Saginaw County Stops Requiring Union-Scale Wages On Government Projects
After state prevailing wage law was repealed, local versions became hard to administer
Saginaw County has quietly rescinded a long-standing policy that required contractors on major county projects to pay their employees union level rates, or what is called a “prevailing wage” requirement
The change was outlined in an Aug. 27 letter from the county’s attorney to a representative of the Michigan Chapter of Associated Builders and Contractors, a trade group which had threatened to sue the county.
ABC claimed that imposing wage standards on county projects violated a state law adopted in 2018 and was contrary to the interests of taxpayers.
“I am advised that (the county) will not be enforcing the prevailing wage requirements contained in their purchasing policy,” county attorney David Gilbert said.
The policy shift, long opposed by the Saginaw County Board of Commissioners, came without explanation, but it was welcome news to ABC President Jimmy Greene.
“I don’t think there was a change of heart. There was a back against the wall,” Greene said in reference to the threatened lawsuit. “They had no choice.”
Greene began pressuring the county to drop the wage requirement nearly a decade ago, telling commissioners “most Saginaw County taxpayers should be incensed” that they are being forced to pay higher than market rates for project labor.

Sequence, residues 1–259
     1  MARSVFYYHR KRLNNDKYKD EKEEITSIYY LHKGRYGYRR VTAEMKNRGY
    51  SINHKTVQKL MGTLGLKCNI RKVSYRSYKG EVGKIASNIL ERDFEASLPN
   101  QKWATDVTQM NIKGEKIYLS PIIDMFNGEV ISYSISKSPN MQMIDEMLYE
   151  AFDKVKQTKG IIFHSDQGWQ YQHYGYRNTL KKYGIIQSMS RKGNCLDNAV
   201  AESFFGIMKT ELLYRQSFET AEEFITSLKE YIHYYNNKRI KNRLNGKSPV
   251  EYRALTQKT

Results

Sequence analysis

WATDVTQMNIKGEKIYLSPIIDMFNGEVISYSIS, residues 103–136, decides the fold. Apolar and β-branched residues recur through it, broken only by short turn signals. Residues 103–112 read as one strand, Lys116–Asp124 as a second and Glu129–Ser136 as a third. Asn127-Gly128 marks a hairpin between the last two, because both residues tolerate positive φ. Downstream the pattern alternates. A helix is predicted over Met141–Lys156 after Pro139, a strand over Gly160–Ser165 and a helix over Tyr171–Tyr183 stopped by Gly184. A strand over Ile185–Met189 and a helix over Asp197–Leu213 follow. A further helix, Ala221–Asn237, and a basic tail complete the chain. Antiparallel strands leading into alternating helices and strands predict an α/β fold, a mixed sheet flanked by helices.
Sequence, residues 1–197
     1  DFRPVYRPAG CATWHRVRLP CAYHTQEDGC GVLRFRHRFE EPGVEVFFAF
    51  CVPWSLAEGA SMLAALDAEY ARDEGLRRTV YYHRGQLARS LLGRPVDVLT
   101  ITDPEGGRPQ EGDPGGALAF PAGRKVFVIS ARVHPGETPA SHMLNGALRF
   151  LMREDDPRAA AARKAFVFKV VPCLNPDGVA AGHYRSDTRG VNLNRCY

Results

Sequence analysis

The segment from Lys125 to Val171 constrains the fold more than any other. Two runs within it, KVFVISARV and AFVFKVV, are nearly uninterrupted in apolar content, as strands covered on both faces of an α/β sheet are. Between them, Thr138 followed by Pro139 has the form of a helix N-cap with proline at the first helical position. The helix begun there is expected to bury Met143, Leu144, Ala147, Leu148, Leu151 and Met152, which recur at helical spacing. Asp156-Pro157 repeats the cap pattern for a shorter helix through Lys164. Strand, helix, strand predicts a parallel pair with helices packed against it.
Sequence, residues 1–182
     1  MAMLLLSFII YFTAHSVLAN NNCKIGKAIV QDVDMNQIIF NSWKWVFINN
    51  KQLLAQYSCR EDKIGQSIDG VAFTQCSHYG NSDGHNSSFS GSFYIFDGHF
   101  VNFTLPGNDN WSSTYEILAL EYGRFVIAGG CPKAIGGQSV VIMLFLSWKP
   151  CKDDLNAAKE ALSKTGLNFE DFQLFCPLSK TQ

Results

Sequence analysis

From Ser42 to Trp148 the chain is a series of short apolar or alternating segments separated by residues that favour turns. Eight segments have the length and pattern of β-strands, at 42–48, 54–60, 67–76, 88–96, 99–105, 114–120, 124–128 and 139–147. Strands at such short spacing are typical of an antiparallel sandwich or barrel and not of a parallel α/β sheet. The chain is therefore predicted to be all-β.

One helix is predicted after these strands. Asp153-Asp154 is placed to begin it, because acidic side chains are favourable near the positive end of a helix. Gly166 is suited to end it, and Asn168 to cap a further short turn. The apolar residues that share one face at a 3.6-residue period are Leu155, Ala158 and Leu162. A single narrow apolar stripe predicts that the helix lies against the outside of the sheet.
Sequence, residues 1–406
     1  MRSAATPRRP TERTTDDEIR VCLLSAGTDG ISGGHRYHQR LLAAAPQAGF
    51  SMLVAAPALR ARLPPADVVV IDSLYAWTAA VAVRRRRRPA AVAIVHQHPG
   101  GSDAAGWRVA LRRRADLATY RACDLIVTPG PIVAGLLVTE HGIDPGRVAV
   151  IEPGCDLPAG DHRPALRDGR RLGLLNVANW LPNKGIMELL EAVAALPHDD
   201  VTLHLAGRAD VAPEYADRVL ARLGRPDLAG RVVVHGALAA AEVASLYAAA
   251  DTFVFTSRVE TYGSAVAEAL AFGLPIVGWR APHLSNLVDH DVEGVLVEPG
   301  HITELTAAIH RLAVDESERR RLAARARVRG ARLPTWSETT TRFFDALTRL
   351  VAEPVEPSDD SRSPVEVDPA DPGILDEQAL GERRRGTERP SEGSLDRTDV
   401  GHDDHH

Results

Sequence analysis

According to a 2012 report on MLive, one commissioner at the time said, “It’s never going to happen here. It’s just another step in busting the union.”
Greene said he believes the change in state law, and subsequent elimination of regional wage setting tables by state labor officials, made it impossible for the county to hold out.
He warned, however, that union officials are mounting an effort to shut nonunion firms out of Saginaw projects by other means, urging the county to enact a “responsible bidder” policy.
Such a policy could be manipulated to disqualify nonunion shop contractors on the grounds that they maintain unsafe workplaces, Greene said.
The policy shift, and attempts to undermine it, could be put to the test soon when the county seeks bids for a new $11.7 million animal shelter, he said. County Commission Chairman Michael Webster and Controller Robert Belleman did not respond to requests for comment.
Michigan Capitol Confidential is the news source produced by the Mackinac Center for Public Policy. Michigan Capitol Confidential reports with a free-market news perspective.